From Public Hangings to Public Shamings, the Mob Still Wants Blood

Social death by a thousand media cuts is the modern method of human sacrifice, but the reason remains the same: “Go(o)d told me to kill you.”

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A “Wicker-Man” engraving believed to be from the 18th century. A wicker man was a large wicker statue reportedly used by the ancient Druids (priests of Celtic paganism) for sacrifice by burning it in effigy. (photo: public domain)

An angry mob of liberal Democrats burned a kid this week for the same reason ancient sailors on a becalmed sea might have sacrificed one of their fellows to bring back the winds.

It was not unlike a mob of superstitious villagers coming with knives for a kid unlucky enough to be born an albino. We need your parts for a magic spell, kid, but it’s for a powerfully good spell.

It was not unlike sacrificing a child for rain, or for a good harvest, or for any other nonsensical, illogical, otherworldly reason mankind has dreamt up since the beginning of time, which all boil down to the same thing:

“God Told Me To Kill You”

What makes them so scary is that someone who believes them is capable of anything. They can justify any act, no matter how atrocious.

Even violence; for they will believe that violence in service to a righteous cause, done for a higher and more powerful good, is more important than whatever means it took to attain it.

It doesn’t have to be God, either; the Greater Good motivates just as well.

In a question of good versus evil, a person believing themselves to be on the side of good can justify anything. Violence becomes a moral imperative.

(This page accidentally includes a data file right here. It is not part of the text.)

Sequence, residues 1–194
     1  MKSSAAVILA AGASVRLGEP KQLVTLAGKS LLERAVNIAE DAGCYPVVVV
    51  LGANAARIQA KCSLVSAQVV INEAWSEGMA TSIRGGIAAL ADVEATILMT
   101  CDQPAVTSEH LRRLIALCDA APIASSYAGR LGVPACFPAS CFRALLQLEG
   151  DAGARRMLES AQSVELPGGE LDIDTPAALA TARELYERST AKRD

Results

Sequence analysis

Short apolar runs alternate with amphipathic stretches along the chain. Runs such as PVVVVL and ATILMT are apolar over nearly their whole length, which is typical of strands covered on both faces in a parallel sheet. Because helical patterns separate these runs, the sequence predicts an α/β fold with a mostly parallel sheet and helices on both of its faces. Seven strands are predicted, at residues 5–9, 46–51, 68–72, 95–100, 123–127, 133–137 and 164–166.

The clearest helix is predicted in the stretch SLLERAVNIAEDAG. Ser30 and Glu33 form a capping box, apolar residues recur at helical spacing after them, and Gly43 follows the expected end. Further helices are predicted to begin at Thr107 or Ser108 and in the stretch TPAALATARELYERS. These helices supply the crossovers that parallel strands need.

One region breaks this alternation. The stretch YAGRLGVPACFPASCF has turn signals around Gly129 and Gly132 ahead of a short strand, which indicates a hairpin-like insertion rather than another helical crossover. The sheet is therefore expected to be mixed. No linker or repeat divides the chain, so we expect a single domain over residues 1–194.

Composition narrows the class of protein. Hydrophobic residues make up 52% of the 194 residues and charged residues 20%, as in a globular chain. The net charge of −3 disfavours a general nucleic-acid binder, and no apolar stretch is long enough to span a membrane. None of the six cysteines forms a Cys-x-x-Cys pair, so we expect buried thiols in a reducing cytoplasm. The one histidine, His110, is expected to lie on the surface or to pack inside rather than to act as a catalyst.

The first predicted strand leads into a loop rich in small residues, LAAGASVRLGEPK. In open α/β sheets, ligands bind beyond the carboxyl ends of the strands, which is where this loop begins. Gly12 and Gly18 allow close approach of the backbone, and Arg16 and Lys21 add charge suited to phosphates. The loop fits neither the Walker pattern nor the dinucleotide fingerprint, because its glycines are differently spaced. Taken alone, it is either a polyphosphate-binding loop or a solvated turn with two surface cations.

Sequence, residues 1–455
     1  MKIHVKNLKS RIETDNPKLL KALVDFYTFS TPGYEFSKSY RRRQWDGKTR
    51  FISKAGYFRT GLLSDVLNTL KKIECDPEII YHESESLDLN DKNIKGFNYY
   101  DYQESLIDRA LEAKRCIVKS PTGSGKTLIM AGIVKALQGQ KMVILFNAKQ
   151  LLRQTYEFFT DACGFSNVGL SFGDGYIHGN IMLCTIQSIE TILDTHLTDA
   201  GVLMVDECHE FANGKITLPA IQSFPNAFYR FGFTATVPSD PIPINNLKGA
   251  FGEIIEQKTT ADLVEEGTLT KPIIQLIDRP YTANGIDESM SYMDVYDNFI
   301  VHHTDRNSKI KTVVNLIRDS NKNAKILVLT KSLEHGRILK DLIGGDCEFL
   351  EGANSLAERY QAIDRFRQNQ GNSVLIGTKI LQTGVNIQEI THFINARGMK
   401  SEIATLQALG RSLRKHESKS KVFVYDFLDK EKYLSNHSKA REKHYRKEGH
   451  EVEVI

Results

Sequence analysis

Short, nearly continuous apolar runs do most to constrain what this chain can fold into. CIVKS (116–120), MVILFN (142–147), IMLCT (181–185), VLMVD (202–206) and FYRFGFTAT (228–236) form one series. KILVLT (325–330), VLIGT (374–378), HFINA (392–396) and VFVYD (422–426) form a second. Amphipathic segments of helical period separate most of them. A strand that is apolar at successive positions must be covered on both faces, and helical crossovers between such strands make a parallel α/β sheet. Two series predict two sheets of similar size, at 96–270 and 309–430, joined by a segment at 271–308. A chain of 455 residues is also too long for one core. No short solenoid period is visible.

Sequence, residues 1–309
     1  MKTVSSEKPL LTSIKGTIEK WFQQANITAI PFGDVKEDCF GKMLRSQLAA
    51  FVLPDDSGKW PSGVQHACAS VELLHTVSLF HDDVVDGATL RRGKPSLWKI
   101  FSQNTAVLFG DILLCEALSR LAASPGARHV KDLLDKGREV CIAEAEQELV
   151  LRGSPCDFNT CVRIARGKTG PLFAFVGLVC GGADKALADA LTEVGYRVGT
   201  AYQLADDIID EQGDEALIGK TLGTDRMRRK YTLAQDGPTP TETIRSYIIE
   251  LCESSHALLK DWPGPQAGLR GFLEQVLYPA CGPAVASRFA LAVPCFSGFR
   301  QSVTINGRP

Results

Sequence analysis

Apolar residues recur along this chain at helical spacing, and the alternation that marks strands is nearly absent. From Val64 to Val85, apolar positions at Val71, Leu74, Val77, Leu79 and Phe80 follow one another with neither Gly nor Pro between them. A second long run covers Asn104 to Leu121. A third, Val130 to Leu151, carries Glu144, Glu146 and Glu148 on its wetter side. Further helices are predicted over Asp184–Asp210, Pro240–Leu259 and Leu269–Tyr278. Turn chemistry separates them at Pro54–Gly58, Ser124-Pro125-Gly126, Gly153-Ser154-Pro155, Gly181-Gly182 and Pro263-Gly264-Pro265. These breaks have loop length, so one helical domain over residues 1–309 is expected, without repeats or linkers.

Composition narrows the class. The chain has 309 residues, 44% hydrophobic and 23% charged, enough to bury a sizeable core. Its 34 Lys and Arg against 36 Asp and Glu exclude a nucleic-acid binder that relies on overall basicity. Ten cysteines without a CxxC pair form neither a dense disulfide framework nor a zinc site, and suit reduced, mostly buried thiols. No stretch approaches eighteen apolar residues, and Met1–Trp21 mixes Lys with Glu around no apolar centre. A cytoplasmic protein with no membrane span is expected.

When Bad Guys Think They’re the Good Guys

They believe, truly in their hearts, even if it makes no sense to anyone else, that what they do is right; they have their reasons. Good reasons. Some people come to see the error of their ways in time; some never do.

Some people sitting even now on death row for multiple murders have found a way to justify to themselves, to their own satisfaction, that the things they did were necessary and- to them- right. Some are so good at this, they can convince others: The infamous serial killer and rapist known as the “Night Stalker,” is so popular a pen pal, he has his own letterhead.

Greater Wrongs, Bigger Justifications

Here’s a common justification in moral wrong-doing:

“If I hadn’t done it, someone else would have and they would have been way worse than me.”

You must admit, it is logical in a sinister way. And you can see how far you could get with this. You can see how a mind desperate to justify reprehensible actions would seize upon it. And they do.

Everyone uses this one: From the world’s worst narco-terrorist to the average unscrupulous plastic surgeon preying on a patient who has had too many surgeries already- someone who needs a gentler type of doctor who isn’t willing to knife them ‘for their own good.’

It is this kind of false logic that leads to great suffering in the world. Even people who commit crimes against humanity routinely use it.

Here is another common one:

“We Only Killed the Bad People.”